In my 38 years of experience, I have been sued by disgruntled ex-employees more times than I can count. Usually, it was for some kind of “wrongful termination” or some other similar reason. And I can say that in each case, the suit was bogus. We live in a litigious society, and business is just a reflection of that culture. So CEOs often find themselves being sued whenever they let an employee go. Even if you are in an “employment at will” state, it doesn’t matter. If an employee is pissed off at you, they can find an ambulance chaser to write you a letter on their law firm’s letterhead, hoping you will at least write a check to get them off your back and avoid the cost of a court appearance and a full blown hearing.
Interestingly enough, most terminated employees don’t sue for the money.
They sue you because they are angry and they want to exact some revenge (or justice, as they see it).
This problem is so pervasive, that I brought in some labor attorneys to speak with my CEOs and their C-level executives about this. To give them a plug, it was Jackson Lewis LLP.
Here is what these attorneys told my CEOs: Terminated employees typically seek out attorneys as an emotional decision, not a financial decision. And here are some of the reasons that drive them to attorneys:
- The “Perp walk” – This is where you have the terminated employee pack up their personal belongings in a box, and march them through the office with an escort, passing all their friends and co-workers in a gauntlet of humiliation. It wasn’t enough that they got fired, but now they have to endure this embarrassment in front of their colleagues. It’s almost as if you are rubbing their noses in it, adding insult to injury.
- Different treatment for the same offense – This is where the employee feels that they got fired for something that others got away with. When you single out an employee to “set an example” and terminate them for conduct that others have been getting away with for years, get ready for an angry ex-employee seeking justice for themselves.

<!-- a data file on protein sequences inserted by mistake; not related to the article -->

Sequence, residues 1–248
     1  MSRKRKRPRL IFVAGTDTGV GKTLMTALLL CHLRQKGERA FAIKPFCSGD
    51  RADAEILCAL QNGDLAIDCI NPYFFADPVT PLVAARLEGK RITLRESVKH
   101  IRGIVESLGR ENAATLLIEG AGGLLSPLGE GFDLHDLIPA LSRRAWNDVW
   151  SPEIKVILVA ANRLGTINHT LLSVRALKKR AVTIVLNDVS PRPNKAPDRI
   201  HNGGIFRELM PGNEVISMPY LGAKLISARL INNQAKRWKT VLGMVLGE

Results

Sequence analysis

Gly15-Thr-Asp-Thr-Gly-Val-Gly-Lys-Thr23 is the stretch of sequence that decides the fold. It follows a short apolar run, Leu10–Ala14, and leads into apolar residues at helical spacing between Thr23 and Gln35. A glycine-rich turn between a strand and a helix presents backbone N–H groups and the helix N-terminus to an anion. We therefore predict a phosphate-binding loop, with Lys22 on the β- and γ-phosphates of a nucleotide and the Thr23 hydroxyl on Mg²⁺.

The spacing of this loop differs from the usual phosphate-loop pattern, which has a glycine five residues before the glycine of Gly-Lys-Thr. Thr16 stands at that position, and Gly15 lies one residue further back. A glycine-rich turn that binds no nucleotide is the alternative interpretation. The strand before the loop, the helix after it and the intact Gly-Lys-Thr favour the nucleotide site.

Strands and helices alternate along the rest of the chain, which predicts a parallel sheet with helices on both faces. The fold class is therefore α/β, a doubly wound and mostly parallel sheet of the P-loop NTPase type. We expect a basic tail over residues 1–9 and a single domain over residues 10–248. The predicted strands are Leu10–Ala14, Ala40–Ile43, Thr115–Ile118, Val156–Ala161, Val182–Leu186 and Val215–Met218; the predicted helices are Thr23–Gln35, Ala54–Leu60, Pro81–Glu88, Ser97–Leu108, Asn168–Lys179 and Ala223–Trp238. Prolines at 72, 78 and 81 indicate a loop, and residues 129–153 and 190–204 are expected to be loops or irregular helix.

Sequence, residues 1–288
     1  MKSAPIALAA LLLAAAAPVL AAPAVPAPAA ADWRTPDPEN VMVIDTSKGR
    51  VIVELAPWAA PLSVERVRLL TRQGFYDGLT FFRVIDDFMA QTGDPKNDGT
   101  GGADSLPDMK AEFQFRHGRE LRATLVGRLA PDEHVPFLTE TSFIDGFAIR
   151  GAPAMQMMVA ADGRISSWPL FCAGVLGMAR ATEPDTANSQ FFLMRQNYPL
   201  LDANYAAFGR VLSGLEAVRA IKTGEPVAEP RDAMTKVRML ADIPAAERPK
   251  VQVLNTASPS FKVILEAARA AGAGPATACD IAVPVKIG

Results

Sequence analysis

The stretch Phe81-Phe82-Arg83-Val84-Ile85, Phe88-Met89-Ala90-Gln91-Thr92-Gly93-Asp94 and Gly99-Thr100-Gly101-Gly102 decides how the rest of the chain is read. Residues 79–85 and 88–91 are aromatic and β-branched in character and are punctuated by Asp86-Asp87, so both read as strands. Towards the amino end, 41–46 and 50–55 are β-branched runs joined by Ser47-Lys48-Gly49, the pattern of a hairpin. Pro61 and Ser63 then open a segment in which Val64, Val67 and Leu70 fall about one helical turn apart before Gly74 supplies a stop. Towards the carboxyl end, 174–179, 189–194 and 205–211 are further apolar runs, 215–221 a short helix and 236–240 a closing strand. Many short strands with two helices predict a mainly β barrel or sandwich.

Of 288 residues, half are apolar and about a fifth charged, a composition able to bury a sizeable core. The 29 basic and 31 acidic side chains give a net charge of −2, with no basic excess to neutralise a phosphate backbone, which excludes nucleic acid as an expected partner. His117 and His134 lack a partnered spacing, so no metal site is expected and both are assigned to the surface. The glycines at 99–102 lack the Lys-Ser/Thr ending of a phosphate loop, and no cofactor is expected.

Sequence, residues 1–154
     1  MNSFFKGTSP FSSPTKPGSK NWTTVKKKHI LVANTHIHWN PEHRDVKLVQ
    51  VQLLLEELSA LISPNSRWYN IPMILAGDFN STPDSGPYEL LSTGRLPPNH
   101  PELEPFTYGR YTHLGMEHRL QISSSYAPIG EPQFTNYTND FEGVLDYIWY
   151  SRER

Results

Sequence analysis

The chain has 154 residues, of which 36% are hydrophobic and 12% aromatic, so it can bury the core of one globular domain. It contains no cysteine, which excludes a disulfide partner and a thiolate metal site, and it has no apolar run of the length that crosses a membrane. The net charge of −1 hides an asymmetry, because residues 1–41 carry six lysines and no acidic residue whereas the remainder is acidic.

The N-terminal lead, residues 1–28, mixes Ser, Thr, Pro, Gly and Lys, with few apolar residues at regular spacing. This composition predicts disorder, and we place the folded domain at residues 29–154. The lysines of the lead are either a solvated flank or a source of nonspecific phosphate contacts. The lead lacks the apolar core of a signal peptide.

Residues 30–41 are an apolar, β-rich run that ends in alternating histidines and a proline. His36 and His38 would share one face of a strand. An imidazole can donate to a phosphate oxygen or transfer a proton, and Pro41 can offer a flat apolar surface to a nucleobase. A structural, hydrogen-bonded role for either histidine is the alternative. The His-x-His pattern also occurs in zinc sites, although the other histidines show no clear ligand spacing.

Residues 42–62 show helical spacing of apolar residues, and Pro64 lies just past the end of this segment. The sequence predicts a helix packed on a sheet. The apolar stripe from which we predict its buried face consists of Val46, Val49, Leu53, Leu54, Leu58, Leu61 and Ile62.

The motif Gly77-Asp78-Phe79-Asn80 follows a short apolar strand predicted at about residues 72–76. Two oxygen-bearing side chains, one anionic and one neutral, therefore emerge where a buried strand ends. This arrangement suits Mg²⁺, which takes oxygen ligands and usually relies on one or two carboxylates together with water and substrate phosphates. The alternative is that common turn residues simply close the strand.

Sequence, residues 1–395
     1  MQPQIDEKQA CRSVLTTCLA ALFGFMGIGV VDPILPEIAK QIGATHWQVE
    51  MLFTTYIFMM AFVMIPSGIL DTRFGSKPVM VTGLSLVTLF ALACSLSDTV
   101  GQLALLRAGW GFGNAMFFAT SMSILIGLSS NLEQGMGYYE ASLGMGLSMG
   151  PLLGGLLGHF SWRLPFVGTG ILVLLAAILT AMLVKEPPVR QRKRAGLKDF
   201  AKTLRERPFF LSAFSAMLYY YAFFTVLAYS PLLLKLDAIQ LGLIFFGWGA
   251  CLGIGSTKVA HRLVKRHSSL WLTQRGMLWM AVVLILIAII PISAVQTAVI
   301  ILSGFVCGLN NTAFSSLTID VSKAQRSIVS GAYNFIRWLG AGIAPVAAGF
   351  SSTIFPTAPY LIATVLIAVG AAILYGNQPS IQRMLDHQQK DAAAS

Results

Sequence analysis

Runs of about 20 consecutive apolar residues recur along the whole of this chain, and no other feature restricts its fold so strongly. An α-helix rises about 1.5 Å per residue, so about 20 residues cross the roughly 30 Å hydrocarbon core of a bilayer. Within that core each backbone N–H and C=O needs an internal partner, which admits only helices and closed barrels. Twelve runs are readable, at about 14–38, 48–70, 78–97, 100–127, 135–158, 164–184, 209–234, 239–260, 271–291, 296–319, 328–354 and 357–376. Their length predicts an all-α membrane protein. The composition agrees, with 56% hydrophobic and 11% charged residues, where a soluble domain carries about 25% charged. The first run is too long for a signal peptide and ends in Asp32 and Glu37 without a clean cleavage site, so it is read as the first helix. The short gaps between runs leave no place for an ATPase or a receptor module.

- Humiliating or surprising performance feedback – This is when you terminate the employee for a performance issue, but never mentioned it to them before this. In fact, in many cases, their previous performance evaluations were pretty good, giving no indication of any problems. The termination comes as a complete surprise. In some cases, to reinforce your termination decision, you go a little overboard and really give them a terrible, and perhaps humiliating, performance review.
- Challenging unemployment or vacation pay – You terminate the person, and then fight relentlessly to prevent them from collecting unemployment. Or maybe you tried to withhold some of their vacation pay. In either case, a person who was terminated and might have gone away quietly, now is pushed into a battle they probably wouldn’t have considered.
- Personal dislike for a supervisor – Sometimes, it just boils down to the employee disliking the supervisor so much that he/she feels compelled to take some kind of action against that supervisor (which means they sue your company). If a supervisor and an employee have a bad relationship, when the employee is ultimately fired, the hostility doesn’t go away…it just continues into court.
- General feelings of unfairness – When a terminated employee feels that their treatment was unfair, regardless of how or why, they are often compelled to teach you a lesson and get some of that justice they keep obsessing about.
All of these emotional reasons can be avoided. They are self-inflicted wounds that we pay for, in money, time, emotional energy, and employee morale.